9 Must-Reads On Climate Change

There is no denying that the cause and effect of climate change can be overwhelming. Aware and its wider community presents a list of must-reads by authors determined to raise awareness and demystify pressing environmental issues. From challenging consumer behaviours to exploring innovative energy solutions, this range of titles offers a range of necessary perspectives for a greener future.

1_How to Avoid a Climate Disaster by Bill Gates.

Bill Gates, the philanthropist and co-founder of Microsoft, published his New York Times bestseller book in February earlier this year. A continued “affection for his home planet and the people on it” (New York Times) runs through the book as Gates presents “a plan for eliminating greenhouse gas emissions” (Gates Notes). Purposely keeping the language accessible, Gates hopes the book will speak to any individual who wants to know how they can help (Gates Notes).

2_Curbing Traffic: The Human Case for Fewer Cars in Our Lives by Chris Bruntlett and Melissa Bruntlett.

In 2019, mobility experts Chris and Melissa Bruntlett were so enchanted by Dutch cycling culture that they relocated their family from Vancouver, DC to Delft, a canal-ringed city in the western Netherlands. The book is an account of their personal experience and conversations with those living in a city designed for people, not cars. Touching personal accounts and interviews explore the subsequent benefits that a “low car” city can have on humans both psychologically and sociologically. 

Curbing Traffic by Melisaa Bruntlett & Chris Bruntlett

3_This Changes Everything: Capitalism vs. The Climate by Naomi Klein.

The internationally renowned Canadian author, social activist, and filmmaker Naomi Klein explores the myths that surround climate change in her most daring novel thus far. Klein presents the rigid dichotomy and inconsistencies between the desire to save our planet and the current era of free-market capitalism, an economic model Klein argues determines the destruction of our planet.

4_Silent Spring by Rachel Carson. 

The environmental science book written by Rachel Carson in 1962 exposes the harsh side effects caused by the overuse of synthetic pesticides. The book was motivated by Carson’s criticism of the US agriculture department who sprayed pesticides fused with fuel oil in order to eradicate fire ants. Carson explores multiple themes including the study of pests becoming immune to the pesticides and misinformation distributed by the chemical industries. The misinformation, she argues, subsequently lead to ecological damage and provoked human sickness, including cancer and pesticide poisoning. Leading up to the book release Carson herself was undergoing radiotherapy.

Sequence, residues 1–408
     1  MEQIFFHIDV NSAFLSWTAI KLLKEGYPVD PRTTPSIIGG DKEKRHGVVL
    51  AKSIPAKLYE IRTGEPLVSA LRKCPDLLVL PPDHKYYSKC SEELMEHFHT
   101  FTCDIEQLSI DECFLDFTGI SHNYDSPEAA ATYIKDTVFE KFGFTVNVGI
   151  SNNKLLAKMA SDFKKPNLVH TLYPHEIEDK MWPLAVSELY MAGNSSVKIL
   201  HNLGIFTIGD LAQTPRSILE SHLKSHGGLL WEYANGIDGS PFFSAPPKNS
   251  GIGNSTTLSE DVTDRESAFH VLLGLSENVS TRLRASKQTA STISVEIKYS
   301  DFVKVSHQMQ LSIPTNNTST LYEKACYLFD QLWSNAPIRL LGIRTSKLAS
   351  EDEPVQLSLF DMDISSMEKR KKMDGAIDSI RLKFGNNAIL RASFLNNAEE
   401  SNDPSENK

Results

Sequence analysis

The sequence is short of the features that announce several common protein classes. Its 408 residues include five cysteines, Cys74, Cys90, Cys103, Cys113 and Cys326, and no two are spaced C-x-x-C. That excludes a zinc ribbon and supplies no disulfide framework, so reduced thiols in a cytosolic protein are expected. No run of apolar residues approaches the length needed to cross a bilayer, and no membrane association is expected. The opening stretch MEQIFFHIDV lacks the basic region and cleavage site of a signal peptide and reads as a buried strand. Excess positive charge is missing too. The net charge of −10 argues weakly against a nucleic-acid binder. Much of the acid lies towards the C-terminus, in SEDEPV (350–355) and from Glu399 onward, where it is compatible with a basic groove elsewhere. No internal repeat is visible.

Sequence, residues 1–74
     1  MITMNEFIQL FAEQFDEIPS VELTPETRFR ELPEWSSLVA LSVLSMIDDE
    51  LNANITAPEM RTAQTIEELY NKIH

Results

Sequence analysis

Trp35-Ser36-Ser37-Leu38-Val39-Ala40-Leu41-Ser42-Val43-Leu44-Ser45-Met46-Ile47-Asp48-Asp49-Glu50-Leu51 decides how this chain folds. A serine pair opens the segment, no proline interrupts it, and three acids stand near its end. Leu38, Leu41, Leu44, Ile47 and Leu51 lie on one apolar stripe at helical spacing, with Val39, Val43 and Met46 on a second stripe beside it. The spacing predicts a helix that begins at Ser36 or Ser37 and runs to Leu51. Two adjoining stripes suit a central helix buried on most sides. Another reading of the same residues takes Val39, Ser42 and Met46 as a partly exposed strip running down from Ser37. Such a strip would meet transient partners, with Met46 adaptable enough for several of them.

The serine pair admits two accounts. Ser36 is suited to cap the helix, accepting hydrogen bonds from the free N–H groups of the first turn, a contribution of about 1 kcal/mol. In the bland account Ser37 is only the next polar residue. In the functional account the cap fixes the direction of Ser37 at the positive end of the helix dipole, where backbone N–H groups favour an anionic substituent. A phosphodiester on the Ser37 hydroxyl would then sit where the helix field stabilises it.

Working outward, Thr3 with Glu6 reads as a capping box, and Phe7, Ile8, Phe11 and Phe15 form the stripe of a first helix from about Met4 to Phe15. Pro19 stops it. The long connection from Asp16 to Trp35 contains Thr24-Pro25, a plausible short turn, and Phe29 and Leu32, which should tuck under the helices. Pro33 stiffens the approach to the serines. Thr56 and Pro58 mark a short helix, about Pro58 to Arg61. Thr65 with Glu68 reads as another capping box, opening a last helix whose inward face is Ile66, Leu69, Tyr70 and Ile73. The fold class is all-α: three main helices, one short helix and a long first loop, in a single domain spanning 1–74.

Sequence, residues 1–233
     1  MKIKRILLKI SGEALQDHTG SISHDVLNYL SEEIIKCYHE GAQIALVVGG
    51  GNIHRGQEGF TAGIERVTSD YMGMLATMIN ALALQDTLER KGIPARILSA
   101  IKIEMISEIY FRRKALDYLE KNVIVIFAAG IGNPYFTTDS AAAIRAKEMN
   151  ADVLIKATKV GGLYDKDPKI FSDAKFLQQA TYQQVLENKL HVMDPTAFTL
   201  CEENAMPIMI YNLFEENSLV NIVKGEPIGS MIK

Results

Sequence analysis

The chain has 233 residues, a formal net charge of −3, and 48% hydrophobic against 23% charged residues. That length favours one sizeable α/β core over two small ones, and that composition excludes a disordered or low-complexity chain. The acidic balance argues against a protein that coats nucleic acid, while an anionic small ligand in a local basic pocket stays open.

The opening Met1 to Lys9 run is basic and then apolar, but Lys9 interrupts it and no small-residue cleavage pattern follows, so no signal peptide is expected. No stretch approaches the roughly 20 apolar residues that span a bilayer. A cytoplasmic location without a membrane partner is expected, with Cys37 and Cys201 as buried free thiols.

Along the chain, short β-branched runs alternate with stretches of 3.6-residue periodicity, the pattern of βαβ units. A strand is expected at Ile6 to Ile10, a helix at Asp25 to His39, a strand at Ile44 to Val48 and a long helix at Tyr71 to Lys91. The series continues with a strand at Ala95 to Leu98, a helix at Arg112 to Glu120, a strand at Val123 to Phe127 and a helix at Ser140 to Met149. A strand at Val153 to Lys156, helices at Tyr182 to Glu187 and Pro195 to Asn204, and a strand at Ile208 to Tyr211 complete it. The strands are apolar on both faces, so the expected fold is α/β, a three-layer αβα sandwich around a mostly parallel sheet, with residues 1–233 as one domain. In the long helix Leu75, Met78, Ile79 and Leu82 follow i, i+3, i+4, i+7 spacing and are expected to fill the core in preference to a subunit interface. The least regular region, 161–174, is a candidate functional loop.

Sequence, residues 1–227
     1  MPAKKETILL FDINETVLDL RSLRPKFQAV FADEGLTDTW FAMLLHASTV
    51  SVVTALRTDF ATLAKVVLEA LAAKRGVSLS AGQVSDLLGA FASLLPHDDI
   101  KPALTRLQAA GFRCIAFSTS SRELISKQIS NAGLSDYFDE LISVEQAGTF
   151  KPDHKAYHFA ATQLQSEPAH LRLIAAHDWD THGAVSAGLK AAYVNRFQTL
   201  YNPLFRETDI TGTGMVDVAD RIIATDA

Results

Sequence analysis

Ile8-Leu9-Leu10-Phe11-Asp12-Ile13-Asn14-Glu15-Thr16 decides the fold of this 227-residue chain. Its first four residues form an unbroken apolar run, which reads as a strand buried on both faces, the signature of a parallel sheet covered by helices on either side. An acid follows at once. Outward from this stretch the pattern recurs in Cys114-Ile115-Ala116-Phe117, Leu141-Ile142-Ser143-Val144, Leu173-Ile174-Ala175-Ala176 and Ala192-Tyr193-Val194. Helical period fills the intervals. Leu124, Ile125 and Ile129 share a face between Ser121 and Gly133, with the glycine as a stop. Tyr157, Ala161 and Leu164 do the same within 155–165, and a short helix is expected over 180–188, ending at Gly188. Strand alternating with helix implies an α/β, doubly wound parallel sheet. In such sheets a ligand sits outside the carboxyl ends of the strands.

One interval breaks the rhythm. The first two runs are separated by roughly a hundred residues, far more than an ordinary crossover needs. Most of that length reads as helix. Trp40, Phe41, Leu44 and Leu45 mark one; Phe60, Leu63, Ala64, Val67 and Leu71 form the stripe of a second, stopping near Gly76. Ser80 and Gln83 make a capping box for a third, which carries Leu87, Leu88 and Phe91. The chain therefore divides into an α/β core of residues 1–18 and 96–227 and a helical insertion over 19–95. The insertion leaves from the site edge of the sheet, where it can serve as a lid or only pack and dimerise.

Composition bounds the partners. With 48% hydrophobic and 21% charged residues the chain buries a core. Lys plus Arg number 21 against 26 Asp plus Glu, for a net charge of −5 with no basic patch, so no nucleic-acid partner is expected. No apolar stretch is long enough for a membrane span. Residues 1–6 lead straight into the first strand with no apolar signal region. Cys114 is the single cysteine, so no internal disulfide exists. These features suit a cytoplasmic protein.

5_We are the Weather Makers: The Story of Global Warming by Tim Flannery and Sally M. Walker. 

This new edition of the environmental science book “The Weather Makers” speaks to young adults, who are increasingly exposed to the destruction caused by climate change. The book looks back in history to understand the cause and effect of global warming, interviews communities directly touched by climate disaster and showcases groundbreaking technology and innovations forecasting the potential for a brighter future. This most recent edition features 25 tips for pursuing a greener lifestyle. 

We Are The Weather Makers by Tim Flannery & Sally M. Walker

6_ The Overstory by Richard Powers.

Richard Powers was inspired to write his twelfth novel The Overstory after standing before the largest tree on earth: a giant redwood. The novel describes the lives of nine Americans who have each had their lives deeply affected by trees. One of the characters, Patricia Westerford, was deeply influenced by the forest ecologist Suzanne Simard, who has proven to scientists the ability trees have to communicate with one another. Powers evocative narrative is a powerful reminder to protect our forests and prevent further deforestation.

7_ Oryx and Crake by Margaret Atwood.

The speculative fiction and adventure romance novel by Margaret Atwood, writer of The Handmaid’s Tale, follows the story of “Snowman”: a character living in a post-apocalyptic world. Flashbacks in the novel reveal that Snowman was once Jimmy, a boy who grew up in a world brought to destruction by multinational cooperations. Whilst Atwood’s world exactly cannot be mirrored with our own, the book is a jarring, familiar commentary on the consequences of increasing ecological destruction.

8_ Consumed: The need for collective change; colonialism, climate change & consumerism by Aja Barber

Consumed by US-born writer and fashion activist Aja Barber is a call for change within the fashion industry. Barber’s writing exposes the embedded inequalities within the supply chain, outlines the manipulation of the consumer and reveals the continued presence of colonialist structures. Barber presents an honest, provocative account of the undeniable relationship between fast fashion and catastrophic climate change.

9_No One Is Too Small to Make a Difference by Greta Thunberg.

Greta Thunberg, the 18-year-old Swedish activist, is known for her emotive, often tear-jerking, speeches. Her words “how dare you” at a UN conference attacked world leaders on their inefficiencies to combat climate change and leave her generation to deal with the consequences. No One Is Too Small to Make a Difference is a collection of Thunberg’s speeches that have instigated a global movement of activism, persuaded governments to listen and even earned Thunberg the nomination for a Nobel Peace Prize.

No One Is Too Small To Make A Difference by Greta Thunberg


by Eliza Edwards

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